Recruitment/ Hiring practices
Individualist cultures – individual is hired based on his/her competencies (skills). Trust is based on one’s skills.
Collectivist cultures – loyalty to one’s in-group/ company is valued, hence there is a preference towards hiring those with similar social ties, value and social norms. Trust is based on not letting down one’s in-group
Different Attitudes Toward Conflict
individualistic cultures, people tend to be verbally direct: they value
communication openness, differences in views are aired openly
Collectivist group, indirect communication is preferred. Disagreement or Conflict is seen as embarrassing or demeaning. Differences are best worked out quietly and indirectly. Managers who work in cross-cultural environments must learn how to adapt their communication/ leadership styles accordingly.
This view towards conflict and communication hence affect the HR performance appraisal process
Individualist – direct feedback especially on areas to improve is accepted.
Collectivist – indirect feedback is preferred. Receiving negative feedback is received badly as shame, a loss of face and weakness.
Rewards and promotion
Individualist cultures – rewards and promotion is based on individual’s achievement, self interests.
Collectivist cultures – rewards is based on loyalty to team and company. Promotion may even be based on loyalty to company, e.g. years working in company, and seniority is respected.
- Examine how your company structures its compensation and rewards.
When I switched careers from the foreign service to the private sector, I was very impressed when the senior leadership went for a 2-day team bonding exercise. With high expectations, I asked my boss, “Are we going to have more cooperation from Dept A after this?”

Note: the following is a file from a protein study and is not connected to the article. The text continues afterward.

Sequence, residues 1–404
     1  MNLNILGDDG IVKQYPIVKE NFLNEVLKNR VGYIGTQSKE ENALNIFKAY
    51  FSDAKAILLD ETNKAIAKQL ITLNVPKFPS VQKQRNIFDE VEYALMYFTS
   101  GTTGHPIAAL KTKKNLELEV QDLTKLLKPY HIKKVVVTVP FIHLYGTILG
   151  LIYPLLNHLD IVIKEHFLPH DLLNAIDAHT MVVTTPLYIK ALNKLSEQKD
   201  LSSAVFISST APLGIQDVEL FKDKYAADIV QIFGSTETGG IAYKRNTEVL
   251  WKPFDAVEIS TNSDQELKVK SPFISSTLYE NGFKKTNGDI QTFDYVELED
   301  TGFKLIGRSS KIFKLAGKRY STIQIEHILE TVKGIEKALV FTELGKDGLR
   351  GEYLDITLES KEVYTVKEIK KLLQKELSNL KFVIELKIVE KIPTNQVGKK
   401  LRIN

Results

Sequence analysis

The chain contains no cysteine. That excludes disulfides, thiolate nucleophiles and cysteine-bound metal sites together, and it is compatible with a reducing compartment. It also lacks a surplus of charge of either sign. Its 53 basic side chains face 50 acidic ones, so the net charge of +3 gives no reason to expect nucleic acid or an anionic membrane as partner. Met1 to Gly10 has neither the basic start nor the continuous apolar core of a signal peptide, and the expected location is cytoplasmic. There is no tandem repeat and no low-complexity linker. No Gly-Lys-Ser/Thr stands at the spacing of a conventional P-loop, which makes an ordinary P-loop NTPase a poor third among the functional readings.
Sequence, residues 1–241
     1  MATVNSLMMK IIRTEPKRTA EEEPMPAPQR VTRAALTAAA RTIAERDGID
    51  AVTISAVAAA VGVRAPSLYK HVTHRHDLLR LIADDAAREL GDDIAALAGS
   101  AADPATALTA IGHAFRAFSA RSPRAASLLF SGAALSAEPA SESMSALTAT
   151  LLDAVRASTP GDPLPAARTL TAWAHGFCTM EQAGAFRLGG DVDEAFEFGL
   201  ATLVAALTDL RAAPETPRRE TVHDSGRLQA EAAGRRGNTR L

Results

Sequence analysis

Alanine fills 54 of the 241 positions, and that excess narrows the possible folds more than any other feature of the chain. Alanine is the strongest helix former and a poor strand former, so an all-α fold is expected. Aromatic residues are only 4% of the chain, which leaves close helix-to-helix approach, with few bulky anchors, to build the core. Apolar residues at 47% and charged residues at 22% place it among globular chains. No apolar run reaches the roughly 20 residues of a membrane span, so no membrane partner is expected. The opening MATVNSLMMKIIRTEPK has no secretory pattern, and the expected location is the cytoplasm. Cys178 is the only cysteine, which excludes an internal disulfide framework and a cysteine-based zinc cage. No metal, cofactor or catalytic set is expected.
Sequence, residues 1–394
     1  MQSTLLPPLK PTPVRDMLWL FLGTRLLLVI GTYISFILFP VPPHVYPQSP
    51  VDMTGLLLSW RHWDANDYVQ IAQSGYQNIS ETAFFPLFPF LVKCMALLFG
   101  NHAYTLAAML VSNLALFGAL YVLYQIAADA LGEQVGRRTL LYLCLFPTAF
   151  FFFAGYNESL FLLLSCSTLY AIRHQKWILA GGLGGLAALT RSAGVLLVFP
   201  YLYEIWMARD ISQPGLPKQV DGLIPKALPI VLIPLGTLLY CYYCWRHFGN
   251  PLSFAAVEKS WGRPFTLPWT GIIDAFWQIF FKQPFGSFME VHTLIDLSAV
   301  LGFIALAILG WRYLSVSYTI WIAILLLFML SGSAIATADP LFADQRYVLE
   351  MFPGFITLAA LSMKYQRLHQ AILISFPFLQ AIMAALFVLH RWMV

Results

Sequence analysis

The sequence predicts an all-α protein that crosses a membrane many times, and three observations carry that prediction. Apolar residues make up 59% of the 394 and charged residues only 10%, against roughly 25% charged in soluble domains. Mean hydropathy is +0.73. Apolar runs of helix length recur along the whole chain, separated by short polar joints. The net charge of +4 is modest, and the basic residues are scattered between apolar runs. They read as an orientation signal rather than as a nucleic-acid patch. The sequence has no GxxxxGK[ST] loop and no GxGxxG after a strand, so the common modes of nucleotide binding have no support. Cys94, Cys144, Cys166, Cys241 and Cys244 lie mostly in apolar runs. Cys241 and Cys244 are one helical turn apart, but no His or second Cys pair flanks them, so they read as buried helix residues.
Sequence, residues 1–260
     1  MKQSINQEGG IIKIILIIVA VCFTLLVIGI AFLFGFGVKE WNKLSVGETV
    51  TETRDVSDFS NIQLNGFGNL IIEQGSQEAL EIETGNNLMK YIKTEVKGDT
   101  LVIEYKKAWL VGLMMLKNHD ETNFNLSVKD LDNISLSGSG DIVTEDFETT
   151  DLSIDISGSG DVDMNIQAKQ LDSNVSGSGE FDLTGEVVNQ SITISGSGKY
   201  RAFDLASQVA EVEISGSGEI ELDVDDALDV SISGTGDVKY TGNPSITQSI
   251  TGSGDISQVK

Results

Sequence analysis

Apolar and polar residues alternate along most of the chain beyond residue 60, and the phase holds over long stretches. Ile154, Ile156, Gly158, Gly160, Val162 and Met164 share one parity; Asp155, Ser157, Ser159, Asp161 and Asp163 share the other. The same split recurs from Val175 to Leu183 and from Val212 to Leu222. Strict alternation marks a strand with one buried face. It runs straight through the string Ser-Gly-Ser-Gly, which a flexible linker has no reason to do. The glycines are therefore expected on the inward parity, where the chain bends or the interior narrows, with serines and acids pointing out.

Today, I’m much wiser. As much as a company wants to promote team work, there is a need to go beyond socialisation and games we play. The type of people you hire. Driven by win-lose or win-win. The way rewards and status are structured. To promote company loyalty, organisations give out company shares or team bonus.
2. How is status ascribed?
Do employees come from a certain school, e.g. Havard/ Ivy League graduates? Children of a certain social class? If so, you are more collectivist than you think.
3. What stories are told of your heroes?
Examine the stories people tell about heroes in the company. Is it about the risk they take, and the money they make? Or whether they live out company values of trust and teamwork?
4. How are differences resolved?
Is there a blame culture or pointing fingers? When your back is turned, people say nasty things.
5. What values are you bringing into the company?
Beyond the color of your skin, the accent and the gender, do you bring in people who embrace your values? Who are you attempting to change ?
Beyond Herman Miller Chairs or free lunches and corporate values emblazoned on company walls, what is unspoken and hidden may say more of your culture (National, organisational or even profession).
Have a coffee chat with a friend, instead of visiting company website or attending corporate presentations to understand what the real corporate culture is.